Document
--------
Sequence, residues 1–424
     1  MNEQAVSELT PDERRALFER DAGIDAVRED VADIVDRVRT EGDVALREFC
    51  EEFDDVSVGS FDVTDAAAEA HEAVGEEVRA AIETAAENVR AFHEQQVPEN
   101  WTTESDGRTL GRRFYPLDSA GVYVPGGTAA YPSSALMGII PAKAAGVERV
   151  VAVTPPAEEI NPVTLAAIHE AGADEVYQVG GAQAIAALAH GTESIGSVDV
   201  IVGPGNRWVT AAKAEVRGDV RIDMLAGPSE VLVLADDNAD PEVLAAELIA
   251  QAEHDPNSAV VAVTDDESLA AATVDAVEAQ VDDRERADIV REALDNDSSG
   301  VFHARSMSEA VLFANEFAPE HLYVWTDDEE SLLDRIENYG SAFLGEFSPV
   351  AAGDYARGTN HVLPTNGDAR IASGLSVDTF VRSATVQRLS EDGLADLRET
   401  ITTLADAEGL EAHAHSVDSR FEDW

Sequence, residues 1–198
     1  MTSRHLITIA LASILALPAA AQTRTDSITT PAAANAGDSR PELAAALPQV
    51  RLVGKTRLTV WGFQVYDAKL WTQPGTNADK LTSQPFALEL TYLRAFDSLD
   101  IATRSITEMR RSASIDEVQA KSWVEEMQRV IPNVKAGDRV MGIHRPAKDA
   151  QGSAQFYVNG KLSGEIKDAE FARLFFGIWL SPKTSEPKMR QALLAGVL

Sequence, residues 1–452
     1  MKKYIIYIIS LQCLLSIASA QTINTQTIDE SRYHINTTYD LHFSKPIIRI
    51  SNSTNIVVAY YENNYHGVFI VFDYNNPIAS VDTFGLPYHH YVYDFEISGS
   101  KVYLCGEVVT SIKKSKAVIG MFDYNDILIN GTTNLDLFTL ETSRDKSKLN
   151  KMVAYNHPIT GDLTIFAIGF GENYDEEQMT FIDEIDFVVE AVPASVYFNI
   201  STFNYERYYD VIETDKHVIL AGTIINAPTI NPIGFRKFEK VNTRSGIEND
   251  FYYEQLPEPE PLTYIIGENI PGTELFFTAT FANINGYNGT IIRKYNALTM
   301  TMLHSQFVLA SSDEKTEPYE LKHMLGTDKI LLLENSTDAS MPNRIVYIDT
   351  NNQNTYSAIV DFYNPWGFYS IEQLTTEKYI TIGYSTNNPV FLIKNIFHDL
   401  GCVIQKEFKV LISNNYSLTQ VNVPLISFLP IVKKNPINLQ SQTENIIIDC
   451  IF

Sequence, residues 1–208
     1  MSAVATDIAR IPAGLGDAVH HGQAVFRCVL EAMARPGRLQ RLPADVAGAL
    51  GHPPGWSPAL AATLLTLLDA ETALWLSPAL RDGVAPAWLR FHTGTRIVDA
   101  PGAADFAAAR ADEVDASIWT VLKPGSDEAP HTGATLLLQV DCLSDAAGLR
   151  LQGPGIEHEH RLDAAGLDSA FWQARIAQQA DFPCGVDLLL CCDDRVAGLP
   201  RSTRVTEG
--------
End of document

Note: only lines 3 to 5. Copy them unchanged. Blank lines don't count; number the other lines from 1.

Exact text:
    51  EEFDDVSVGS FDVTDAAAEA HEAVGEEVRA AIETAAENVR AFHEQQVPEN
   101  WTTESDGRTL GRRFYPLDSA GVYVPGGTAA YPSSALMGII PAKAAGVERV
   151  VAVTPPAEEI NPVTLAAIHE AGADEVYQVG GAQAIAALAH GTESIGSVDV